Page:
Machi Koro: The Perfect Game to Kick-off a regular Family Games Night
by Yvonne Hanson © 2018 Gifts for Card Players
For parents looking for entertaining ways to engage with young children or searching for opportunities to connect with older children, a family games night may be enticing. Sitting around the kitchen table as a family with each person giving their undivided attention to the same activity can be a healthy way to build familial bonds and strengthen relationships, while also providing an opportunity for children develop their ability to think strategically and follow through with plans to achieve predetermined goals.
Yes these benefits sound great, but if you’ve never sat down to enjoy a family games night before, it can be difficult to get the tradition started. Classic family games like Uno, Monopoly, Pictionary, and Go-Fish aren’t exactly exciting for parents who have played them hundreds of times.
Niche and Indie games offer new, interesting, and innovative play-styles, but the hundreds and hundreds of unique games in small, colourful boxes can be difficult to choose between when you’re pulling blindly from a wall of them at the local Game store. If your children are far apart in age, you have to guess about which games will be appropriate and entertaining for everyone, considering things like length, number of players, reading level, and the time it will take to learn the rules. Failure to find an appropriate game to kick start the night can turn family members off the idea of playing new games together at all, and can cause people to become frustrated with each other instead of the game.
To avoid game-store confusion and mid-game stress, we’re going to be running a series of blog posts reviewing and talking about card and board games. And we’ve got a really fun game to get things going.
The base Machi Koro game accommodates 2-4 players, and the expanded version allows 2-5. The square, blue game box displays a colourful image of a town and contains two dice, a deck of cards, and a set of cardboard coins. The cards are colour coded with simple pictures to help distinguish them and a single sentence of text to explain how they function. The different card types represent different establishments, and the theme of the game is to build a little town by acquiring these cards.
The turn-by-turn gameplay of Machi-Koro is wonderfully simple: a player starts their turn by rolling the dice. If the dice total corresponds to the number at the top of a card, then they are rewarded with the number of coins specified by the card’s text. If the dice matches the number on a player’s blue card, that player receives coins during that turn, regardless of who rolled the dice. Green cards only give coins to the person who rolled the dice, and red cards allow you to take coins from the person whose roll activate them. Finally, purple cards allow the player who rolled the dice to take coins from other players under certain conditions.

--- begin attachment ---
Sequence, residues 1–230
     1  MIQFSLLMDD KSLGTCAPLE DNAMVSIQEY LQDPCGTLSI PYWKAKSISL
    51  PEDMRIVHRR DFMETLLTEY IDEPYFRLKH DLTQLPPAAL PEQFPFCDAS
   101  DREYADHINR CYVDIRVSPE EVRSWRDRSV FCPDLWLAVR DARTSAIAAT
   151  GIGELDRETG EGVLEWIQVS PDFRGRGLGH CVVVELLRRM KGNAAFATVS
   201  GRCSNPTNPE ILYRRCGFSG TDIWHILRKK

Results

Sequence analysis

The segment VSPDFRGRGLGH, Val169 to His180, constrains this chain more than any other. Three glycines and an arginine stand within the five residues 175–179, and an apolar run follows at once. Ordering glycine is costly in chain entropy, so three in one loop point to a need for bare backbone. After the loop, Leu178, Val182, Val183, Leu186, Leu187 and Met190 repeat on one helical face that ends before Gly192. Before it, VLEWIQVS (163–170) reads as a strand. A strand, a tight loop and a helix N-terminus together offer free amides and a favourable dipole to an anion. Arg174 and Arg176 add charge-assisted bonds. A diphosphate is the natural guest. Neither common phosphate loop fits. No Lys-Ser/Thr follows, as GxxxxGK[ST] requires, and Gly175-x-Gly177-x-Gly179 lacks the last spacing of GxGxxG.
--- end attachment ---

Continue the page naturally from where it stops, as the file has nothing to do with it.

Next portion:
Everyone starts with basic blue and green cards which usually generate enough income to buy new cards by the second or third round of turns. Coins can be used to buy one new establishment per turn, or saved up to buy one of the four special establishments needed to win the game.
The rules are short and sweet and easy to explain to younger players. The amount of reading required is minimal, and new players can quickly catch up to experienced players without being unfairly disadvantaged by their lack of experience. Older players can delve further into the game’s strategic potential, while younger players can enjoy the satisfaction of building their town and receiving coins from their chosen establishments every turn.
Though the game is competitive, the activity of each turn is focused on building and planning your own position. The gameplay feels more like a process of development than a race to the finish, and it is possible to feel good about how you played, even if you didn’t win. Strategizing makes the game more engaging and can certainly pay off, but rolling dice each turn creates an element of chance that enables ‘beginners luck’ to net an occasional victory.
Put simply, Machi Koro is an easy-to-learn, simple-to-play game that has something to offer dedicated strategists and casual youngsters alike. It takes around 10-15 minutes of playing to develop a comfortable understanding of the mechanics, and the average round will last about half an hour once everyone is familiar with the rules. Machi Koro is recommended for children ages 10+, but the simple rules would likely be accessible to younger children learning to play in a casual family environment.
Sitting down for your first family games night can be intimidating, but there’s no better way to kick off a games night tradition than by working together to learn the rules to this quick, straightforward, and inclusive card game.
Machi Koro literally translated from Japanese means ‘dice town’ which pretty much describes the play.
Wikipedia tells us:
Machi Koro is a tabletop city-building game designed by Masao Suganuma, illustrated by Noboru Hotta, and published in 2012 by the Japanese games company Grounding Inc. Machi Koro won the 2015 Geekie Award for Best Tabletop Game, and was a Spiel des Jahres and As d’Or – Jeu de l’Année nominee that year; it was a Le Lys Grand Public finalist in 2014. It has been published in Czech, Dutch, English, French, German, Greek, Italian, Korean, Russian, Spanish, and Turkish. The U.S. version is published by IDW Games and Pandasaurus Games.
Purchase online at Amazon:
Regular Box Edition is $17.47
Deluxe Edition is $49.95